13. Broken Windows Detail, Abandoned School, Mare Island, California. I’m seeing abandoned buildings and homes all over the West, in cities and in rural areas. I made this image from the public roadway, as the condemned school was on property owned by a private corporation who bought it from the US Navy. The school was on part of the defunct Mare Island Naval Base.

13. Broken Windows Detail, Abandoned School, Mare Island, California. More signs of the times. Watch your step in ruined buildings. Watch out above too. I have been dive bombed by birds, charged at by ferrel cats and made to jump by mice and rats. I notice abandoned buildings and homes all over the West, in cities and in rural areas. I made this image from the public roadway, as the condemned school was on property owned by a private corporation who bought it from the US Navy. The school was on part of the defunct Mare Island Naval Base. To see the photograph large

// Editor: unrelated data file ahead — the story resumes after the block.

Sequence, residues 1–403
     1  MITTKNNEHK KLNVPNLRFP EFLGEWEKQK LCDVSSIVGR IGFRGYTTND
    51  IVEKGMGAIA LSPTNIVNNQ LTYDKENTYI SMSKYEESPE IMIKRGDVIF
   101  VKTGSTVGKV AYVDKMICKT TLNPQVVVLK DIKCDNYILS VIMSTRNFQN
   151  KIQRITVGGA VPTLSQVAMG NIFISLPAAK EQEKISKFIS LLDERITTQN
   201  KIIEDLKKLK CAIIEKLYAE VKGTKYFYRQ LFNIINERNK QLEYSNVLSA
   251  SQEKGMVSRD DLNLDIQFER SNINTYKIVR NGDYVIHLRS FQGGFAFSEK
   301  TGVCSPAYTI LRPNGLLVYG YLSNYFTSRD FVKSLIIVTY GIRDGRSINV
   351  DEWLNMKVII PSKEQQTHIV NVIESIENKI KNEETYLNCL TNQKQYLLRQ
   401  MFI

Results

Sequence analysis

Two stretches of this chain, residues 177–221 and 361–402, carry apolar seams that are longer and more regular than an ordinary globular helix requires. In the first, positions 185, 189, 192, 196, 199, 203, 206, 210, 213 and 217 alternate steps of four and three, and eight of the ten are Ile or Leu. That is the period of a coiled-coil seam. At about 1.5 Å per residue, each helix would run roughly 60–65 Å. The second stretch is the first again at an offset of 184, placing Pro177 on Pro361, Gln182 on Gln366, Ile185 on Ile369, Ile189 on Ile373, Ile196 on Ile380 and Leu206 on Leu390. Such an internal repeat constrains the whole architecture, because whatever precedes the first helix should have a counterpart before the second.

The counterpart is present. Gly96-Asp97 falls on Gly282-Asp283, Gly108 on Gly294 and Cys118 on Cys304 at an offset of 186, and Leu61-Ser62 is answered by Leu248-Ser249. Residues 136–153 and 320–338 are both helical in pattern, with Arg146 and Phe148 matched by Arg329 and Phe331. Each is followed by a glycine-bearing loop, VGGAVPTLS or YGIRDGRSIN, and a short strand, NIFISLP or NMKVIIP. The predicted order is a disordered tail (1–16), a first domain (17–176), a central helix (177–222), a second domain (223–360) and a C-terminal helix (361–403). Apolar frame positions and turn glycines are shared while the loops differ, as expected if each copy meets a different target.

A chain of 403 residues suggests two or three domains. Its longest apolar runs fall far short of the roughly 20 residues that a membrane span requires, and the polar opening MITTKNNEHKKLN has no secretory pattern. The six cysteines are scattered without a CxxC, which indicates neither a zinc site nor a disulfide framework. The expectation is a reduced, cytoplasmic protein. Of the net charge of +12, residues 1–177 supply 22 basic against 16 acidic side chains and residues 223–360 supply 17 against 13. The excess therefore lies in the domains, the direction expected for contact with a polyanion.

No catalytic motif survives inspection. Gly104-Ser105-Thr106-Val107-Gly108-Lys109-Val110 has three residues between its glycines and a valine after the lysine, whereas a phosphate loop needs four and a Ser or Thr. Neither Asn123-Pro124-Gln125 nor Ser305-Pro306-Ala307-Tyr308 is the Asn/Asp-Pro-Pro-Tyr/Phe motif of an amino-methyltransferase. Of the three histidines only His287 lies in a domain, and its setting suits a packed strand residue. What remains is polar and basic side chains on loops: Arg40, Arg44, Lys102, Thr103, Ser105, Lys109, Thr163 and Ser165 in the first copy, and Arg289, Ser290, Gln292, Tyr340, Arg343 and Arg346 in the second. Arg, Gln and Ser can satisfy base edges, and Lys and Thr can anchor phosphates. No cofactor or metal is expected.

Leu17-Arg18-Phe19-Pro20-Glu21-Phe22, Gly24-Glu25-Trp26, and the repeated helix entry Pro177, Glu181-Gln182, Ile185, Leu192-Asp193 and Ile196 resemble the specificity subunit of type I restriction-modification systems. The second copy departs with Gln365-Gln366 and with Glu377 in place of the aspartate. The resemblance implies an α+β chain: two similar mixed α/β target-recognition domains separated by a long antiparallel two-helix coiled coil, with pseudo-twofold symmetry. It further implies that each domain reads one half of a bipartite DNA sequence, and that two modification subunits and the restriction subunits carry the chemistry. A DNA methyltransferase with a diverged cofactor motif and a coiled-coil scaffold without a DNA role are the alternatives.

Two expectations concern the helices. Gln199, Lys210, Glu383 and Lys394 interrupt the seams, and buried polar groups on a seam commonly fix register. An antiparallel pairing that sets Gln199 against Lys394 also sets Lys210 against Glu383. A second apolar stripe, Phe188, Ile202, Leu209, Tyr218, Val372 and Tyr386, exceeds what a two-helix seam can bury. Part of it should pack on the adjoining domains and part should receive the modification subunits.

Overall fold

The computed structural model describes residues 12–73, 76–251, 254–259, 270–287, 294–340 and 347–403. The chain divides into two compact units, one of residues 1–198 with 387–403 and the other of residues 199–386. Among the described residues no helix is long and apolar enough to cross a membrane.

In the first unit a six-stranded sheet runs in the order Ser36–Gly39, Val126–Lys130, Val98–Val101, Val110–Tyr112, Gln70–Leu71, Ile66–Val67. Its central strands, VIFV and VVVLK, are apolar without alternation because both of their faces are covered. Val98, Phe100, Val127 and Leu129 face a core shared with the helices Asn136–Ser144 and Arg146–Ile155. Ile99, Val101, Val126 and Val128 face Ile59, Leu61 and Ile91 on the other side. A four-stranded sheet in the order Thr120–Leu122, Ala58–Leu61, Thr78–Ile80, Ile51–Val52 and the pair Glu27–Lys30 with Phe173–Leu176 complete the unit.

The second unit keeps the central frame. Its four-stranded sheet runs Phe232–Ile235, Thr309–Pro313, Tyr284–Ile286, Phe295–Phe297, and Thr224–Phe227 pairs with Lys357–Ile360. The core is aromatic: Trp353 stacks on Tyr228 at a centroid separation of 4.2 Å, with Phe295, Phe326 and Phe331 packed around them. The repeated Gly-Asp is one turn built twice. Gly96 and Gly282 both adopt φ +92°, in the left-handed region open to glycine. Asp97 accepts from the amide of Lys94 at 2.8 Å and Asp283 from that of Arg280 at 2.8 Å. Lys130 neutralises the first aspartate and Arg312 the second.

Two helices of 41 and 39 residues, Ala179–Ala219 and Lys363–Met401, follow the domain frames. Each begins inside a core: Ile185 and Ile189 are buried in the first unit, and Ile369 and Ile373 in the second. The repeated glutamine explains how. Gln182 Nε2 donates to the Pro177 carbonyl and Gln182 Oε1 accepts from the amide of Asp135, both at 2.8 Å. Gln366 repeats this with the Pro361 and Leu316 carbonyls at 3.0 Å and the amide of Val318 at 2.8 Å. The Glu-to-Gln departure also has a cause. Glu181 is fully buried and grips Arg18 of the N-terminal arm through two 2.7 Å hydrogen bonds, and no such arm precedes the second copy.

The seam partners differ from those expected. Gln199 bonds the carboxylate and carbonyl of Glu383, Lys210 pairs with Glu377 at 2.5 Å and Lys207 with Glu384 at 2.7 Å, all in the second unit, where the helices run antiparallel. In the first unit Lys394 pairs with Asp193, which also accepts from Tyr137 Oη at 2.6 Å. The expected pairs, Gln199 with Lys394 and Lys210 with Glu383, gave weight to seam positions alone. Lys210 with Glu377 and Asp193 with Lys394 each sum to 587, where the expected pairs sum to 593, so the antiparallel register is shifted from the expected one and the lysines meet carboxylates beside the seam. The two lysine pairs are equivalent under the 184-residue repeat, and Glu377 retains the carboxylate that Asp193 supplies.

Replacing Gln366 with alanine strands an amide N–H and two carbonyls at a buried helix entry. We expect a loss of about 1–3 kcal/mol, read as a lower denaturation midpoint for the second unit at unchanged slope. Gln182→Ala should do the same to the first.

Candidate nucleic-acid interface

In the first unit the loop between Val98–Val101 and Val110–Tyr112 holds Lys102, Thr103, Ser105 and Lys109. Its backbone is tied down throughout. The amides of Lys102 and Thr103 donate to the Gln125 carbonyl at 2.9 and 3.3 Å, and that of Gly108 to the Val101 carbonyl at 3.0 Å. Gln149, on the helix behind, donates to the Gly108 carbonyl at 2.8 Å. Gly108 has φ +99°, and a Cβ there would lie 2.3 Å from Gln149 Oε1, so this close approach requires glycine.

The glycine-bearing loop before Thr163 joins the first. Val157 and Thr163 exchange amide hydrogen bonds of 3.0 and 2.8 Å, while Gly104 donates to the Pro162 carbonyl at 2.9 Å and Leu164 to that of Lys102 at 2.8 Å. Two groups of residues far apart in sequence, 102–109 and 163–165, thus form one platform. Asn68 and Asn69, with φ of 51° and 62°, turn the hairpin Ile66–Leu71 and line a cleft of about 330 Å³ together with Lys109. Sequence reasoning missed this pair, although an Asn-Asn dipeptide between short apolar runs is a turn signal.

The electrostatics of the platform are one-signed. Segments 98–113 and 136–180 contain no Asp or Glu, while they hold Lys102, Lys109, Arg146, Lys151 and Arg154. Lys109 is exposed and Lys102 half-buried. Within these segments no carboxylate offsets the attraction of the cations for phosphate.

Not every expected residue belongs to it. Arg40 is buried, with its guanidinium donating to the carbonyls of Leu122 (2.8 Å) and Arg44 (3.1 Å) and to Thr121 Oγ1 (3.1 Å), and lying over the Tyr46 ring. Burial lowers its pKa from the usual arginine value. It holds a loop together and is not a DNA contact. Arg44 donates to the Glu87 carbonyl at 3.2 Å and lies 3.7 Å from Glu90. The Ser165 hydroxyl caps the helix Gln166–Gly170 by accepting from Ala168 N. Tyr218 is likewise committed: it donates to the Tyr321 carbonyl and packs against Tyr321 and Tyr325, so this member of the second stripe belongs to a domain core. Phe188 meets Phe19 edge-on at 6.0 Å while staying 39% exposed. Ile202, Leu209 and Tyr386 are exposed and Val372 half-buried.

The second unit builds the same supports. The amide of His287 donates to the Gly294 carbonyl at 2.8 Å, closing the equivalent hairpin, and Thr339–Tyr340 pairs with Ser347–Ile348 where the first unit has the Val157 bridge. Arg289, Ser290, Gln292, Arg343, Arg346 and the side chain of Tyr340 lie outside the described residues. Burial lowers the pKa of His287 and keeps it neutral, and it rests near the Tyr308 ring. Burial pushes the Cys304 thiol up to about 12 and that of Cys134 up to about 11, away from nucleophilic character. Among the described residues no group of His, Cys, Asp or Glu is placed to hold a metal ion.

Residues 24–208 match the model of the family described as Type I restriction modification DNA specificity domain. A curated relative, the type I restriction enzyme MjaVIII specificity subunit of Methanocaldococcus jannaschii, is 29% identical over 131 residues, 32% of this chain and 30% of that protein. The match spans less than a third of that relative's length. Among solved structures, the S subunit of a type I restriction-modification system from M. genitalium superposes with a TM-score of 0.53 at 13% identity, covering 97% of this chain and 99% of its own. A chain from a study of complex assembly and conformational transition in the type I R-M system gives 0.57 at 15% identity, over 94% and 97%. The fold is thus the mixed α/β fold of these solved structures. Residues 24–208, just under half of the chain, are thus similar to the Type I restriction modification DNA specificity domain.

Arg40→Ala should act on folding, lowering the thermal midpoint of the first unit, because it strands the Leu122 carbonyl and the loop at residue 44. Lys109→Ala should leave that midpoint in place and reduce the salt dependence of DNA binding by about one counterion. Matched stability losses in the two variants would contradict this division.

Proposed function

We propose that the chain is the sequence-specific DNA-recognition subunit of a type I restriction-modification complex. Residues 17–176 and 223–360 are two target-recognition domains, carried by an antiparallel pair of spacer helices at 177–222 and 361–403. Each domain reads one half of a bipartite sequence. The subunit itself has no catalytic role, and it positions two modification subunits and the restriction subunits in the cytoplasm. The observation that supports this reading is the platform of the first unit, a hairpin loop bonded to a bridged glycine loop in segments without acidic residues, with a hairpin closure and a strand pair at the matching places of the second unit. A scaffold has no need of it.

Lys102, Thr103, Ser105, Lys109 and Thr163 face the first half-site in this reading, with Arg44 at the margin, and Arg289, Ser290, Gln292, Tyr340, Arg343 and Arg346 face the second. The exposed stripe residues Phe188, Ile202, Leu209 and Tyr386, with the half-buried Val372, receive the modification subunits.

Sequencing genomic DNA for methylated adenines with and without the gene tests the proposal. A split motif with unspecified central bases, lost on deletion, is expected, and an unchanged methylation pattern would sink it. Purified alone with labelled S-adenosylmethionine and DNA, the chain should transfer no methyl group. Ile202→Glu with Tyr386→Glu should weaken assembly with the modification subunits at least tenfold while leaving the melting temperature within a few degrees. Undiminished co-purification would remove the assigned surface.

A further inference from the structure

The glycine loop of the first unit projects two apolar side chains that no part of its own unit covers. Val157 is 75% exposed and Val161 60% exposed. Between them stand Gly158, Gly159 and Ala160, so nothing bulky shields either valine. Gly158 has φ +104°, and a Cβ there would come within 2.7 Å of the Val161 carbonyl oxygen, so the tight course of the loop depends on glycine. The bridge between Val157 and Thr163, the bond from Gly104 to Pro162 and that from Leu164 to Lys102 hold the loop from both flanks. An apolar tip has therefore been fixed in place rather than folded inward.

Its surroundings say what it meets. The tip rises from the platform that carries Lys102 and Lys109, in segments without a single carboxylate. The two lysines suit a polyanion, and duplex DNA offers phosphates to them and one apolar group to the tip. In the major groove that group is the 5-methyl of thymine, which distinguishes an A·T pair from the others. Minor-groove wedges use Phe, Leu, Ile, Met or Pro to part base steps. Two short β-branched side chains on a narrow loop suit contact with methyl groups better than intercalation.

http://www.philiphyde.com/#mi=2&pt=1&pi=10000&s=3&p=27&a=0&at=0

14. Freeway Curves, Vallejo, California. I like the curves and shapes found in many of the giant concrete bridges, ramps, columns, buttresses and beams of our interstate highway system. Photographing freeways is dangerous and sometimes tough on the lungs in rush hour. Often high contrast separates the shadowy under sides of roadways from bright surroundings, yet shadows add curves and other interest.